Dressing, communication styles, etc.
sabine at hlrz28.zam.kfa-juelich.de
Tue Aug 20 10:02:04 EST 1996
Yesterday, I attended a series of (i. e. 3) talks that left me with a somewhat
angry feeling, and somehow relates to a lot of topics discussed here in the last
time, especially also on why certain people win poster contests.
I work in a huge research center (with a certain focus on physics, but also
lots of other stuff from biology to meteorology), where each year there is
some kind of contest among all who finished their PhD with a certain grade or
better. They can hand in some kind of article that is supposed to be understood by
anyone (i.e. might be published in a non-science magazine) about (part of)
the results of ones thesis.
Out of these articles (this year 12) 3 are chosen, and these three people have
to give a talk (20 min.) on this topic in front of a mixed (though with
scientific background) audience. All three get some amount of money, but the
ranking decides on how much, and only the first one gets this prize.
When I attended these talks last year, I found them all extremely well-presented
and would have had big problems to choose a ranking. (I don't know if it's
important, but last year all contestants were male.) This year, there was one
woman and two men (all in physics) and I thought "hey, great, maybe this year
we will have the second woman to get the prize".
She gave the first of the talks, and compared to the ones I had heard last
year, I did not think it was very good. However, the other two in my opinion
were worse, though I have to admit that for the second one it might have
just been a matter of style. So in my opinion (and some others too) there was
a definite 3rd place, and the decision of 1st and 2nd a matter of taste.
The result was that the guy whom I had ranked "possible first" was first
(though I preferred the woman), but that the woman and my "definite third"
shared the 2nd place. Since as far as choice of contents went (which in a
way was already selected by selecting these 3), i.e. was the stuff presented
in a way understandable to anyone etc., all rated equal in my opinion, I think
that it was really a question of presentation style (and maybe dress?).
The woman presented her stuff very calmly, it was well thought out, she had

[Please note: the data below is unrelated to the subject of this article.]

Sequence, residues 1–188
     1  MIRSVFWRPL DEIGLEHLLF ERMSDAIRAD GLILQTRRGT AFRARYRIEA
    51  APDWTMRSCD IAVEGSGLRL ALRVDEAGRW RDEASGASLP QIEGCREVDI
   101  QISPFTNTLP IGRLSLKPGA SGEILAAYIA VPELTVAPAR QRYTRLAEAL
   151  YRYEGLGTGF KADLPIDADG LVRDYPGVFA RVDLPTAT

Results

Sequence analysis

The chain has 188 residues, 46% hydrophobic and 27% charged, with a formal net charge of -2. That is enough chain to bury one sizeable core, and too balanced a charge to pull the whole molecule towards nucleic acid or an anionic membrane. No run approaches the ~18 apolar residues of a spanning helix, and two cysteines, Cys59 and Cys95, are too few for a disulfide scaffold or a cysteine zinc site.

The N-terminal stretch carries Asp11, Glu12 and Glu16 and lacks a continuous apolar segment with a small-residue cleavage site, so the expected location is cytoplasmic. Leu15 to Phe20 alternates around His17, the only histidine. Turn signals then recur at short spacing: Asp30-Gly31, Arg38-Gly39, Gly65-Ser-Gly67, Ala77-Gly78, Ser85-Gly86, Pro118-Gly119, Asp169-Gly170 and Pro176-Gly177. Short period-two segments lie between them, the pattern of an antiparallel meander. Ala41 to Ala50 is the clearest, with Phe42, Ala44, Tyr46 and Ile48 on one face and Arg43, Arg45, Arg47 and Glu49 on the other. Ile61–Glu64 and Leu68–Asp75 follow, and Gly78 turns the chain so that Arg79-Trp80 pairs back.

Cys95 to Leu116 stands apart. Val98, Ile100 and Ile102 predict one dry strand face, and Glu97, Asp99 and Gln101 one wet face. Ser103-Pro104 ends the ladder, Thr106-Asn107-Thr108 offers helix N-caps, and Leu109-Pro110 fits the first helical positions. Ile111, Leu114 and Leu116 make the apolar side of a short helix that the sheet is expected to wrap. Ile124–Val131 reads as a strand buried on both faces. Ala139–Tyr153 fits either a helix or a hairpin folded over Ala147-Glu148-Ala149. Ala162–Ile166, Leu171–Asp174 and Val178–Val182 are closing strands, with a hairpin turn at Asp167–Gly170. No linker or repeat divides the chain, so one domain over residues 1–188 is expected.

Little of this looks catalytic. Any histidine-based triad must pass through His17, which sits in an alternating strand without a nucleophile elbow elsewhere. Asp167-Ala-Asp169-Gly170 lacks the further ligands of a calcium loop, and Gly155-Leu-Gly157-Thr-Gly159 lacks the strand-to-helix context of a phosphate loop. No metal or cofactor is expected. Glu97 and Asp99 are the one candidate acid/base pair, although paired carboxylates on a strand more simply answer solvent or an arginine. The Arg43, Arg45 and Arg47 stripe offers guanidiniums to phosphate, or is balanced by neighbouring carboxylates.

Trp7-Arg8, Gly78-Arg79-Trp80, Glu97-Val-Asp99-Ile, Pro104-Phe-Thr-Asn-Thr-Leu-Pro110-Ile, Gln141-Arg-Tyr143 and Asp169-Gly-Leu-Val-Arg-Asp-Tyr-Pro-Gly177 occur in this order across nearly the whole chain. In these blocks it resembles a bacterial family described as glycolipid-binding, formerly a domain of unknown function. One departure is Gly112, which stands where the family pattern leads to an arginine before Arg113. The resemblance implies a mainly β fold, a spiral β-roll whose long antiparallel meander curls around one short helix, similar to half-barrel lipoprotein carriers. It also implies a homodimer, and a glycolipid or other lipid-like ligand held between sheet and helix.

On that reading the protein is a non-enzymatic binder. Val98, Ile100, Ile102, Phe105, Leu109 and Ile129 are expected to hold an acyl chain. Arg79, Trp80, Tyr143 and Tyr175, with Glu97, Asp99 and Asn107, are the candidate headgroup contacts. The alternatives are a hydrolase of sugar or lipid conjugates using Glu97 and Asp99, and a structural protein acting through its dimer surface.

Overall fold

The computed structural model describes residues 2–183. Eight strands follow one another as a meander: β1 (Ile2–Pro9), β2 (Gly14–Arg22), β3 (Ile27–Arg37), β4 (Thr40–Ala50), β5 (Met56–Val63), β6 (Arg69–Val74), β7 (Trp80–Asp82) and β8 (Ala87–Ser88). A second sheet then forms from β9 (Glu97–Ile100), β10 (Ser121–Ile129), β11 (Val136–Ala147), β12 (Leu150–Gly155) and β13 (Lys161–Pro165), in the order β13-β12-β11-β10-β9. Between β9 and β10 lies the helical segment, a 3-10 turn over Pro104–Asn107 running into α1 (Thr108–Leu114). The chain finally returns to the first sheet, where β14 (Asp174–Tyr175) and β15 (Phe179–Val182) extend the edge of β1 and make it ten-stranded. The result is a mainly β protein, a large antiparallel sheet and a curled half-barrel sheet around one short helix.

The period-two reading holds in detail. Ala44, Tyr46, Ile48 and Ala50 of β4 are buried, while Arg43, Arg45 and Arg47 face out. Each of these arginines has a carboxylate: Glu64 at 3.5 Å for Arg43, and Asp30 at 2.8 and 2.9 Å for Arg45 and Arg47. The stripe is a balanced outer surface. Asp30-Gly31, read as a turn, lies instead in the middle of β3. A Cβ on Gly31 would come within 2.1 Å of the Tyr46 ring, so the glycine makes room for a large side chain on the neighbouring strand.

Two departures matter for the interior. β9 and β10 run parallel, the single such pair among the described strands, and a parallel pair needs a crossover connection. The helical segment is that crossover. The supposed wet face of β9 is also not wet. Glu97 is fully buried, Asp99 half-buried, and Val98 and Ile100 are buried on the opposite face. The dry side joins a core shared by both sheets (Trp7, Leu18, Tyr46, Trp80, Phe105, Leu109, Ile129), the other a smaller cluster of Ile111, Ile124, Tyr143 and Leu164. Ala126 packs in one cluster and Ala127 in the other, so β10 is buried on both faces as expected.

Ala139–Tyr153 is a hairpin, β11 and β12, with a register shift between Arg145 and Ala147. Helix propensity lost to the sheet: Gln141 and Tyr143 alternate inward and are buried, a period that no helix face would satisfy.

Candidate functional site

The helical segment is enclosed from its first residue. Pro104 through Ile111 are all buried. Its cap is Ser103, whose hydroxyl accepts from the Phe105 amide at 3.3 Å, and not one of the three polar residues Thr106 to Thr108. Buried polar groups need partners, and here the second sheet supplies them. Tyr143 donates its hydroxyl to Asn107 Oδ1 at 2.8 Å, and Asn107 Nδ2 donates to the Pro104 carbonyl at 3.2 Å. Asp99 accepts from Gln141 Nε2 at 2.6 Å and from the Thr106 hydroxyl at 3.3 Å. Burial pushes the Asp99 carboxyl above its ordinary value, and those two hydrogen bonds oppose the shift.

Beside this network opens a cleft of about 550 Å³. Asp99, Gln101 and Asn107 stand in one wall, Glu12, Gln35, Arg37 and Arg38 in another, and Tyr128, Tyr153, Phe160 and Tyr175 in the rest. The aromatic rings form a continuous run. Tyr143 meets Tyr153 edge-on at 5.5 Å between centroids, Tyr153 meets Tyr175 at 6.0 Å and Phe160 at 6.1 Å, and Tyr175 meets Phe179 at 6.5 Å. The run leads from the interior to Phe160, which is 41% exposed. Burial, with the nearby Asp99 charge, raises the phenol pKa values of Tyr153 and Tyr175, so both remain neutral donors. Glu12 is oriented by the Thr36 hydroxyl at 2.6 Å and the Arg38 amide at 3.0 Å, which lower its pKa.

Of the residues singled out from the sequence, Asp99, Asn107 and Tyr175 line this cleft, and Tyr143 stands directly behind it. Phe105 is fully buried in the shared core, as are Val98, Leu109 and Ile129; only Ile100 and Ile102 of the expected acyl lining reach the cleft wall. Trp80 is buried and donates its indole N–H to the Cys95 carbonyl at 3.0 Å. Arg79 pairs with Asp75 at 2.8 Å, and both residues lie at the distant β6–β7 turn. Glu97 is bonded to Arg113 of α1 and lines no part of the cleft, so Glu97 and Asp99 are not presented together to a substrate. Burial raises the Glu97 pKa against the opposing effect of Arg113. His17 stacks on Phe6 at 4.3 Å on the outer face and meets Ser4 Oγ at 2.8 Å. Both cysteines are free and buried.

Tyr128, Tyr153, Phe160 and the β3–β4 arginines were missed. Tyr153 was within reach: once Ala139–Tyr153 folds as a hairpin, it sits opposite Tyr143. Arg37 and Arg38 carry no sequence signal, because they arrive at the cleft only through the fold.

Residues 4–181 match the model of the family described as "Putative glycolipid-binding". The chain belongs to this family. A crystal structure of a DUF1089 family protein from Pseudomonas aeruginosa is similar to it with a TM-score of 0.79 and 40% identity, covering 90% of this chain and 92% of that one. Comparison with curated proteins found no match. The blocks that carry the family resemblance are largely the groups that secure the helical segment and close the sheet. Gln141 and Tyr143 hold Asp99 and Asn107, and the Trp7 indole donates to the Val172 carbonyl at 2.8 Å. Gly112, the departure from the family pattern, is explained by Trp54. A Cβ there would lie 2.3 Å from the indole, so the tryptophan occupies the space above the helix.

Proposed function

nice transparancies and seemed very natural. She wore a normal pair of pants
(no jeans) and a matching blouse. She had not brought anything for demonstration
purposes, and all in all did not seem very lively, but that seemed to be her
personality. The jokes she had were in the drawings on the transparencies.
The first guy seemed to have written down his speech (it was really written, not
spoken German) and to have learned it by heart. He was very lively, but he
seemed to be playing a role (he reminded my strongly of a certain guy doing a
science show on German television in his intonation). He had brought some
demonstration objects, but only showed them in the discussion section, because
he seemed to have forgotten to do so before. He wore a dark suit and tie.
I was somewhat put off by the act he seemed to be putting on, but he might
have ranked first, too.
The second guy sometimes seemed to forget what he wanted to say, mumbled and
did not look at the audience, had one transparency which was so complicated
that he had difficulties unfolding it, and the talk was a bit too long. He
had brought some stuff for demonstration purposes, wore jacket and tie
(also no jeans), but of a lighter color. Even though he mumbled, he seemed
quite lively when he presented his small experiments.
The committee was all-male.
I am not saying that there was any deliberate act in overlooking the woman,
but I got the impression that her matter-of-fact way of presenting her stuff,
and her calmness, seemed to have scored quite low with the committee, or that
it was rather wiped out by the impression of the other two. The women I spoke
to rather preferred that calm way to the showy second guy.
Any ideas, comments, whatever about this? (Just another comment on the side:
last year, of the three I found hard to choose among, the one guy wearing the
dark suit also made the race. The year before, a woman won the prize, but at
that time I was not here yet, so I can't judge about that.)
| Sabine Dippel | e-mail: s.dippel at kfa-juelich.de |
| HLRZ | phone : [++49] (2461) 61-2318 |
| KFA Juelich | fax : [++49] (2461) 61-2430 |
| 52425 Juelich | WWW : http://w3.hlrz.kfa-juelich.de/~sabine/ |
| Germany | |
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